Thanks to a few super-kind folks at Fuji I was recently able to get my hands on a Fuji GF 670 FOLDING rangefinder, a camera I had heard much about but had to test out. There are many medium format machines out there but the Fuji is in an elite class for several reasons. First, it folds. Yes, and when I say “folds” I mean it REALLY folds. This is such a grand feat when it comes to being able to easy carry both a 35mm rig and a medium format rig, especially when traveling the world. My entire foreign rig fits in ONE bag, a Tenba Ultralight, and this is key to my entire working relationship. With the Fuji GF my life just got easier by having a camera that takes about 1/3 of the space of my current Hasselblad + 80mm setup. The Fuji sets a high mark by also being able to shoot 6×6 or 6×7 with the same body simply by flicking a small toggle switch INSIDE the camera. You can’t switch mid-roll but come on people we can only ask for so much. How great is this reality. Shooting a portrait series…go to 6×6. Shooting a landscape series from the same project…go to 6×7. I’m not sure thought of this but damnit get that person a corner office and a bottle of your best sparkling wine.


The photographer in some truly horrible light for your viewing pleasure.

So, over the past few weeks I’ve been traveling and snapping with the Fuji and I have a few things I’d like to share. First of all, this is the quietest camera I’ve ever used, and by a LONG SHOT. It’s so quiet if anything is going on around you….you can’t even hear it. The camera has a rather large look, but it very light and easy to hold. It does take some getting used to to be able to find that focusing ring, which is right in front of the lens. It’s not difficult but when you consider my prior focusing ring is on the Hasselblad and is about two inches wide you will know why the Fuji takes a few minutes to feel out. I’ve used it now for two weeks, and my thumb goes right to the small focusing cup. No big deal. The top shutter speed is 500th of a second, which is slower than I’m used to, but I’m shooting TRI-X at 200 and my Portra 160 at 100 so no problem there either. The camera has aperture priority which I’ve actually used quite a bit. I normally use a hand held meter, but recently because I was using two film speeds at the same time, I decided to use Fuji AP and see how the meter worked. It was dead on, every single frame. I’m not saying this is going to happen all the time, but yesterday I shot for several hours with both the Fuji and the Leica, and I just let the Fuji go in terms of the meter. I did use exposure compensation which is easily accessed by the same dial that controls shutter speed. Easy as pie.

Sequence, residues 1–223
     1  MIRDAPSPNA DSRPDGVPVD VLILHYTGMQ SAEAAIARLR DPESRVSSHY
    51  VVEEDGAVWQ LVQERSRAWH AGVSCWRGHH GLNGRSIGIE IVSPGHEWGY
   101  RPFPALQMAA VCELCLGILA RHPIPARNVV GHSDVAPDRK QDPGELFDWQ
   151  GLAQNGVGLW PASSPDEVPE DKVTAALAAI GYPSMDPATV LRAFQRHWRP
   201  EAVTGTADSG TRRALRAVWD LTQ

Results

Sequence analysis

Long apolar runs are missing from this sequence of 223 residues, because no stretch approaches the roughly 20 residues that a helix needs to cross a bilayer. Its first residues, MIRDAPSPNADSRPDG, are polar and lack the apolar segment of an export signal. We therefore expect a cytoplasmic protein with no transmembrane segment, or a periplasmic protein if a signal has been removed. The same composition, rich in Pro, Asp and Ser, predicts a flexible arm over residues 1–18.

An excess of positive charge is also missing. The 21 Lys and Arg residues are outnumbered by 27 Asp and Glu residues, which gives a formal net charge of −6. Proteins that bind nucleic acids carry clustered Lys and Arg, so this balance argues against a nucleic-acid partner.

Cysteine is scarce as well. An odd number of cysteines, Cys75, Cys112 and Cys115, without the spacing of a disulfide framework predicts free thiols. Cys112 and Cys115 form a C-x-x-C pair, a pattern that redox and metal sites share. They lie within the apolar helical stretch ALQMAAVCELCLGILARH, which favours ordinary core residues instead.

Look at that falloff. Super Dynamite taking in some nature.

I KNEW this camera would be sharp. Why? Because I have a Fuji 6×9 rangefinder and the lens on that thing is RAZOR sharp. The GF 670 is very sharp and look at that falloff….dreamy. Wide open the lens is sharp and ultra shallow just like we like our servings of medium format. Now, on to the viewfinder. One of the best and brightest I’ve ever seen. This is HUGE. Low light, no problem. Glasses like me, no problem. Great move Fuji. And, as you can see by the pics, film advance, spinning wheel baby. Love this. A throw back perhaps. Slow for others perhaps. I like it. I use my thumb in case your wondering. If you are wondering I’m worried about you.
But there is something more here people, something very important that gets overlooked by people fixated on the nuts and bolts. The camera looks really damn cool. “Who cares?” you might ask. Well, I do. You see when I’m using this thing in the field people are intrigued by it. Yesterday I was shooting in New Mexico, came up on this group of gents, a wild group, and I pulled out the Fuji. “Que es esto?” one guy asked as he marveled when I pulled open the front of the Fuji and a mini-bellows popped out. People love this thing. I can’t tell you how great this is in the field. You might not think it’s a big deal but you can really use this to your advantage. Most people think it is old, so you have to explain, “Well, kinda, but not really.”
My only hesitation about this camera is you have more moving, working, folding parts with a camera like this so it’s not going to take a beating like a Blad or Mamiya 6. You have to be careful when you fold it. If you force the thing closed you will be cursing me and looking at a repair bill. Having said that, I’ve probably opened and closed it a hundred times without incident.
Over the past week I’ve been using this camera while I work on my New Mexico project. I’ve seen dust, hot temps, snow and wild weather including a mini-dust storm twister/rain explosion in a parking lot. I’ve shot portraits, landscapes and everything in between. Now I’m not going to spill these photographic beans quite yet, seeing as I don’t have the film back. But I’m probably not going to spill these photographic beans even after I get the film back because I like to live with my work before I release it. But, if I have a few things, here and there, that might help you better understand the realities of this camera I will surely share.